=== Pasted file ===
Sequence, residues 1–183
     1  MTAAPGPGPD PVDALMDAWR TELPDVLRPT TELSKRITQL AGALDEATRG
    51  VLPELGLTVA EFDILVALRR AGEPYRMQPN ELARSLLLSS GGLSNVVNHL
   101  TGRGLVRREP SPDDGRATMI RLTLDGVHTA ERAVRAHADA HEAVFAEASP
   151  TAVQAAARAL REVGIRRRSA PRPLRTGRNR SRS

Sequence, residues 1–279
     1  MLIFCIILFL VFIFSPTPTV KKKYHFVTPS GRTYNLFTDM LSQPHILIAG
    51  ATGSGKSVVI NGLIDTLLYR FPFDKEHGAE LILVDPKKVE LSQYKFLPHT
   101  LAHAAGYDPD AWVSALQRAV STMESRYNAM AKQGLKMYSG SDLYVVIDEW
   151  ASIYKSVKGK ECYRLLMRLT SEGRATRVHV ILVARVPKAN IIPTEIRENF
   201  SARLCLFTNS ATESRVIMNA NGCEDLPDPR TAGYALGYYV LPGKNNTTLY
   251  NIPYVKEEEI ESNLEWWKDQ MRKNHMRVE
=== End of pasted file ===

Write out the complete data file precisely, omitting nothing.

Sequence, residues 1–183
     1  MTAAPGPGPD PVDALMDAWR TELPDVLRPT TELSKRITQL AGALDEATRG
    51  VLPELGLTVA EFDILVALRR AGEPYRMQPN ELARSLLLSS GGLSNVVNHL
   101  TGRGLVRREP SPDDGRATMI RLTLDGVHTA ERAVRAHADA HEAVFAEASP
   151  TAVQAAARAL REVGIRRRSA PRPLRTGRNR SRS

Sequence, residues 1–279
     1  MLIFCIILFL VFIFSPTPTV KKKYHFVTPS GRTYNLFTDM LSQPHILIAG
    51  ATGSGKSVVI NGLIDTLLYR FPFDKEHGAE LILVDPKKVE LSQYKFLPHT
   101  LAHAAGYDPD AWVSALQRAV STMESRYNAM AKQGLKMYSG SDLYVVIDEW
   151  ASIYKSVKGK ECYRLLMRLT SEGRATRVHV ILVARVPKAN IIPTEIRENF
   201  SARLCLFTNS ATESRVIMNA NGCEDLPDPR TAGYALGYYV LPGKNNTTLY
   251  NIPYVKEEEI ESNLEWWKDQ MRKNHMRVE